Counterfactual history isn’t just a game of what-if. Thinking about how major events might plausibly have gone differently underscores that today’s reality isn’t the only reality that was ever possible. War is a complex and unpredictable phenomenon, so the world that great wars shape is contingent, too.


A year ago, many analysts didn’t expect an independent Ukraine to exist right now. When Putin invaded in February 2022, he envisioned a quick smash-and-grab operation that would seize the capital and other major cities, decapitate Ukraine’s government, and destroy the country’s ability to resist. The expectation, in the Kremlin and also in Washington, was that Kyiv would fall within days and that conventional resistance would cease shortly thereafter. Moscow would then control most of the country, leading to a Ukrainian insurgency with uncertain prospects. Some Western analysts were already looking beyond the war to the ramifications of a Ukrainian defeat.

Within Ukraine, those consequences would have been awful—show trials, summary executions, and all the mayhem visited upon the areas that Russia did manage to occupy. The global consequences also would have been ominous. Putin might have parlayed victory into his long-sought post-Soviet imperium. A puppet Ukraine might have been dragooned into a union state with Russia and Belarus; Moldova would have come under pressure once Moscow created a land bridge to Transnistria, a separatist region that already hosts a contingent of Russian troops. And following Russia’s successful intervention in Kazakhstan in January 2022, the de facto occupation of Belarus preceding the war, and a brutal beatdown of Ukraine, which former Soviet republics would have defied Moscow’s commands?

Perhaps the Baltic states, thanks to their alliance with Washington. But NATO would have faced insecurity up and down its eastern front. Through Belarus and Ukraine, Russia could have sought to intimidate Latvia, Lithuania, and Poland. The costs and difficulties of defending U.S. allies would have multiplied along with the potential avenues for a Russian attack, as a Moscow-led union state would have a much longer border with NATO. Finland and Sweden probably still would have sought NATO membership, but the debate within the alliance over whether to admit them—and antagonize an emboldened Putin—might have been much more contentious.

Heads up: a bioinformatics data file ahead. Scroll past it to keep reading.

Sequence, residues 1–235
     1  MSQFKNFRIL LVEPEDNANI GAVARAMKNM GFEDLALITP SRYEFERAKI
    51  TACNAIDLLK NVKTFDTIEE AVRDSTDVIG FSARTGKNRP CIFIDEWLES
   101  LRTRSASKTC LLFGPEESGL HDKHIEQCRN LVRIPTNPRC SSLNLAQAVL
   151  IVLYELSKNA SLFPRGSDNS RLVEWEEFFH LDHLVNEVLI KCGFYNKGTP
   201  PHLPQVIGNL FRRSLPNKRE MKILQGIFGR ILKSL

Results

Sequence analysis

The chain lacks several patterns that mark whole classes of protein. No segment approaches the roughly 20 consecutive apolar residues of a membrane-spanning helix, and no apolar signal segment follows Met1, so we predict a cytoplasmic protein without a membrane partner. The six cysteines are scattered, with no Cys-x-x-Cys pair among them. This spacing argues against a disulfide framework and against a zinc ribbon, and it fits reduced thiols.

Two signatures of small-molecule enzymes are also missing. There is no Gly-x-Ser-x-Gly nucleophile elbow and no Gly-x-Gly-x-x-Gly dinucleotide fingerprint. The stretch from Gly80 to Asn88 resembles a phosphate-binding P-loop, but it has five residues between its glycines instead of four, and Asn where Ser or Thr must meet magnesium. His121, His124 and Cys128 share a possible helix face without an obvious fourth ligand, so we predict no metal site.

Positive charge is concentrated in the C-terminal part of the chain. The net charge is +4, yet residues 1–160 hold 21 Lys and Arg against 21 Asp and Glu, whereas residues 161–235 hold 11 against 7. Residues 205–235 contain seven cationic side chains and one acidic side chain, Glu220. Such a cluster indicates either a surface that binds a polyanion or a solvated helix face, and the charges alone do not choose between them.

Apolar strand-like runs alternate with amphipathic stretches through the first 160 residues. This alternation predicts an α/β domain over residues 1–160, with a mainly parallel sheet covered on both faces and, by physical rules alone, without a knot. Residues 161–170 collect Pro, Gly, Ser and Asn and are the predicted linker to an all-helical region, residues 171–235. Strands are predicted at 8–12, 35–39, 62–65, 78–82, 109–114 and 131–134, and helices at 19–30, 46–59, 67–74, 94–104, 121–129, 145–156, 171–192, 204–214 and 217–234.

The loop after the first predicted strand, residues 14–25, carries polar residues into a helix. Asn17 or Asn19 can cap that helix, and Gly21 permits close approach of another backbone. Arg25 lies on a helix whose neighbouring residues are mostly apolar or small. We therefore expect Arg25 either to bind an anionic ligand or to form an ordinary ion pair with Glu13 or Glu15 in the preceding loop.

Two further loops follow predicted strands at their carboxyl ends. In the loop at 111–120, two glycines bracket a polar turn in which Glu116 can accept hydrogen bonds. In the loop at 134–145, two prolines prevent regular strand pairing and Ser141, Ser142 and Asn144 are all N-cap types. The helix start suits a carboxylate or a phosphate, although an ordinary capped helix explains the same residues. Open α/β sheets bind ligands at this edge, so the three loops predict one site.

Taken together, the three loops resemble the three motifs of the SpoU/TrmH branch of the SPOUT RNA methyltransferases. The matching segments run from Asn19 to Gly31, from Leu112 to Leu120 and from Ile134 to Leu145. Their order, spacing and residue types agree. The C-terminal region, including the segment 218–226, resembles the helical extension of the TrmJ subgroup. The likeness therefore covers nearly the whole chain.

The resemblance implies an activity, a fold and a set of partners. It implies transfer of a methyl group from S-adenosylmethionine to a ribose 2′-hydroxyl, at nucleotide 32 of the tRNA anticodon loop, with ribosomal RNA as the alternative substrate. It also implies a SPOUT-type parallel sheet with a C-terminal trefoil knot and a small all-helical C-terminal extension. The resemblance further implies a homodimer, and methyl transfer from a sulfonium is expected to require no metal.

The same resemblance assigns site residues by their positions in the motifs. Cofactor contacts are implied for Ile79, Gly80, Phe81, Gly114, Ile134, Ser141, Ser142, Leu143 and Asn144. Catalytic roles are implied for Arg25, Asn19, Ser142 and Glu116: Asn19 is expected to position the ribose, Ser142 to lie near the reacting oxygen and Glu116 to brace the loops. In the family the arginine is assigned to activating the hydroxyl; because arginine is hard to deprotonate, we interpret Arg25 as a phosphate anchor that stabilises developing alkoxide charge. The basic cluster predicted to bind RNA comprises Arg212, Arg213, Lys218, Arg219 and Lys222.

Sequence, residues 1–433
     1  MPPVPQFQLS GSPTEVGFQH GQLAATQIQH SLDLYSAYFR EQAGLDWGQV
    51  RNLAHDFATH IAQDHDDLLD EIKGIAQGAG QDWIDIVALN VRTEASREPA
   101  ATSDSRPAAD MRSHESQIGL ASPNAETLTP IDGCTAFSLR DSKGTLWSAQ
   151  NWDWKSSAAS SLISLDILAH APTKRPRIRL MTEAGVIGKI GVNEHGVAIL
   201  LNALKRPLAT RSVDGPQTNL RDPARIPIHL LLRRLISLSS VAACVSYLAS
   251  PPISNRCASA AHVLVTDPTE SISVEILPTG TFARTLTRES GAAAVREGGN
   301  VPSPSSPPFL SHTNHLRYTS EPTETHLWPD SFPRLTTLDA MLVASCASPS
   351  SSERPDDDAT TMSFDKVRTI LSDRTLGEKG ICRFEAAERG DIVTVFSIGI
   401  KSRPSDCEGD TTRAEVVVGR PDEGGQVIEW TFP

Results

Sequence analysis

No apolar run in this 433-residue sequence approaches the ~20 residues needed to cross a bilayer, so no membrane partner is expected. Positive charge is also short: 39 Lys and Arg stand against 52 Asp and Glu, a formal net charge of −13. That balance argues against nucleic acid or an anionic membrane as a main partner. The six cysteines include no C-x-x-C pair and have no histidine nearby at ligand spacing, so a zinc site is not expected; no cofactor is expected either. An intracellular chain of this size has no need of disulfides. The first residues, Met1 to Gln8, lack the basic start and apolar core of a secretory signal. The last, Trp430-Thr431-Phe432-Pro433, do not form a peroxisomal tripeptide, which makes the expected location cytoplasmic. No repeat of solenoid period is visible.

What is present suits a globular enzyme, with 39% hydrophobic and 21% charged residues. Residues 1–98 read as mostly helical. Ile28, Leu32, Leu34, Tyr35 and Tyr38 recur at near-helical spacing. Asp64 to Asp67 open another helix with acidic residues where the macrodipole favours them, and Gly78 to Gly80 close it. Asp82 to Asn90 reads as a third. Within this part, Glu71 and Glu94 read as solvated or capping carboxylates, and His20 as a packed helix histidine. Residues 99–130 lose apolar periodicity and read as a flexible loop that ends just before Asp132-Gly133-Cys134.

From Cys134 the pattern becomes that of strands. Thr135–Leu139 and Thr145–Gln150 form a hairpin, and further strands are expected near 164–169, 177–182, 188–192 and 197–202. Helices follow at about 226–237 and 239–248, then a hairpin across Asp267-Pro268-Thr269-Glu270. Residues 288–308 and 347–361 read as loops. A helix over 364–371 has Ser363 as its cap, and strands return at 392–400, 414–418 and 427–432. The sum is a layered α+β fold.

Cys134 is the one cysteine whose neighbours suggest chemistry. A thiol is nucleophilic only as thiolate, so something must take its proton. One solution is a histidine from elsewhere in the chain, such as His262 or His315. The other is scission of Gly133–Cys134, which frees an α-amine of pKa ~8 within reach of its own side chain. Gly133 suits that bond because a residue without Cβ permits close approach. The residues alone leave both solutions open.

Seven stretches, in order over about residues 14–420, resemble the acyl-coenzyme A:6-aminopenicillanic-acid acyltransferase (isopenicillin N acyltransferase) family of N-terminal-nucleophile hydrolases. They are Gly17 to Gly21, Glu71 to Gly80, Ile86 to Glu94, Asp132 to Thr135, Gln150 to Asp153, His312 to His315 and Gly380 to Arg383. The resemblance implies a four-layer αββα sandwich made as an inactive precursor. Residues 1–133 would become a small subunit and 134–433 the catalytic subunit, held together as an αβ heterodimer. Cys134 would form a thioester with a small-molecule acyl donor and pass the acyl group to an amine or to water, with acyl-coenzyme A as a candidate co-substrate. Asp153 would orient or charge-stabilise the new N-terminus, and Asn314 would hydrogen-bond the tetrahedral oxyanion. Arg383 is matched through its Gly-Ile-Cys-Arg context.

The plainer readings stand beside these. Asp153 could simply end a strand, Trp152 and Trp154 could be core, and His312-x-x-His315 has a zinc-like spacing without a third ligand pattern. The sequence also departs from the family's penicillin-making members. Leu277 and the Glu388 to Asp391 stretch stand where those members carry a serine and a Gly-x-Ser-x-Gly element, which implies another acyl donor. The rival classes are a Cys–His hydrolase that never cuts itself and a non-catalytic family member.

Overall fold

The future of the authoritarian axis, by contrast, would have been bright. A Russian victory would have given the Moscow-Beijing partnership significant geopolitical momentum. An overstretched United States would have faced militarily ascendant rivals in both Europe and Asia. Successful aggression might still have triggered military spending hikes by scared democracies in Europe and Asia, but it also would have fostered an atmosphere of global disarray that favored predators and left democracies fighting back from a weaker position than they occupy today.

As for ideological consequences, Putin would have been strengthened at home; his popularity would have skyrocketed, as it did after the annexation of Crimea in 2014. Admirers of autocracy around the world would have lauded Putin’s ruthlessness and cunning. The United States, fresh off its chaotic withdrawal from Afghanistan, would have faced still more claims that democracies were in retreat.

To be sure, victory in Ukraine wouldn’t have made Moscow bulletproof. A grinding insurgency, perhaps supported by NATO countries, might have sapped Russian power. The United States and many allies would have slammed Russia with sanctions. But an aggressive sanctions campaign might not have outlasted a conventional war that ended quickly, since in this scenario some European countries might have favored returning to business as usual. Enthusiasm for backing an insurgency might also have waned for similar reasons.

Fortunately for Ukraine and the West, almost none of this happened. Russia’s post-Soviet empire is crumbling: the Central Asian states are restless and not even Belarus will join Putin’s war. NATO’s situation has changed for the better. The alliance has rallied around Ukraine, enhanced its eastern defenses, and is in the process of welcoming Finland and Sweden. The global community of advanced democracies looks robust and resilient, as Russia hemorrhages influence and power. Sino-Russian relations have suffered, in part because Putin has asked for aid that China is reluctant to give. No one seems wowed by the achievements of autocracy today. On the battlefield and around the world, the gap between what Putin sought and what he got is enormous. But it is not clear that Russia was always destined for disaster.